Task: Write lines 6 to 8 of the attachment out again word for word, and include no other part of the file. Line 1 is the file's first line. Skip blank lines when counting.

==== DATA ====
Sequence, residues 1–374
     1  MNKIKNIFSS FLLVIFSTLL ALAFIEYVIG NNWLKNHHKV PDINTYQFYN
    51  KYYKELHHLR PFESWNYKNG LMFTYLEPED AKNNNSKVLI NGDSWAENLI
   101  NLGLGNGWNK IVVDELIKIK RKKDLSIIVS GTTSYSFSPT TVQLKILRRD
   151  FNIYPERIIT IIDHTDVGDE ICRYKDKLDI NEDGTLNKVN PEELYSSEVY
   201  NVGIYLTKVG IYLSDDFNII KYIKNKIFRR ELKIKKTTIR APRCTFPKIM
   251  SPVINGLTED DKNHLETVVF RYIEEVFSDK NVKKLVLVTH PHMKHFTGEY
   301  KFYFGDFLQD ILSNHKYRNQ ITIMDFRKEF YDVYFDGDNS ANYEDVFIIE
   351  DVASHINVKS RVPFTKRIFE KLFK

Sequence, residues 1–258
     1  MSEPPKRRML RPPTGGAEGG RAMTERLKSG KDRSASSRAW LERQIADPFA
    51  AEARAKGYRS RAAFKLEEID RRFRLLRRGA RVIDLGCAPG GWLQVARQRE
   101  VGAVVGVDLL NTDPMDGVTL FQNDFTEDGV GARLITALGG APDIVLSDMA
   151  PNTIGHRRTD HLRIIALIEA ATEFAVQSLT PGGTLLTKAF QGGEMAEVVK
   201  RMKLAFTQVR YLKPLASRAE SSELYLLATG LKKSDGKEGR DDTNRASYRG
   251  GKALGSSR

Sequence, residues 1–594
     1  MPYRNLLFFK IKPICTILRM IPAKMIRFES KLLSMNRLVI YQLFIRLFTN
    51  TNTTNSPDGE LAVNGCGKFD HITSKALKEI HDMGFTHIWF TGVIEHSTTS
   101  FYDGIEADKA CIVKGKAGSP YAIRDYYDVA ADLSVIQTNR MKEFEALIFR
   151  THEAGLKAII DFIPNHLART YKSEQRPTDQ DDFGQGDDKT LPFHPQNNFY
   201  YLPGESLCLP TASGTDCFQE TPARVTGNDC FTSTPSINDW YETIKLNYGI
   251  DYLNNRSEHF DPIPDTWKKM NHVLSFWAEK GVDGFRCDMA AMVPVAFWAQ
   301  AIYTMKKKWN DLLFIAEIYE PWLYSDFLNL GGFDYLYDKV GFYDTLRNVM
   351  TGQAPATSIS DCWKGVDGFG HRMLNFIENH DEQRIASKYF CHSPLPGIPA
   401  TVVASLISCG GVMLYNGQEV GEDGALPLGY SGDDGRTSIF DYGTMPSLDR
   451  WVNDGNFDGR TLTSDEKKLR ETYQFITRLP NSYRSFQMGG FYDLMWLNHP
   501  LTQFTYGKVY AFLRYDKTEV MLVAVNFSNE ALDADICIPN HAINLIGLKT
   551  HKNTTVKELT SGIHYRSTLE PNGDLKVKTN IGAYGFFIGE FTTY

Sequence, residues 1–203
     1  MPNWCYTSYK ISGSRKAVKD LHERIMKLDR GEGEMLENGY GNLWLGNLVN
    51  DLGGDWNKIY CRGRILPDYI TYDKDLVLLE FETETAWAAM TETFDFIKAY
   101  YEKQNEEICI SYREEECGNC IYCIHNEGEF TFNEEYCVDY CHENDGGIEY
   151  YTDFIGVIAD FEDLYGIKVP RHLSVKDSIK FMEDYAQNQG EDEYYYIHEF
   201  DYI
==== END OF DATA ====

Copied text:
   201  NVGIYLTKVG IYLSDDFNII KYIKNKIFRR ELKIKKTTIR APRCTFPKIM
   251  SPVINGLTED DKNHLETVVF RYIEEVFSDK NVKKLVLVTH PHMKHFTGEY
   301  KFYFGDFLQD ILSNHKYRNQ ITIMDFRKEF YDVYFDGDNS ANYEDVFIIE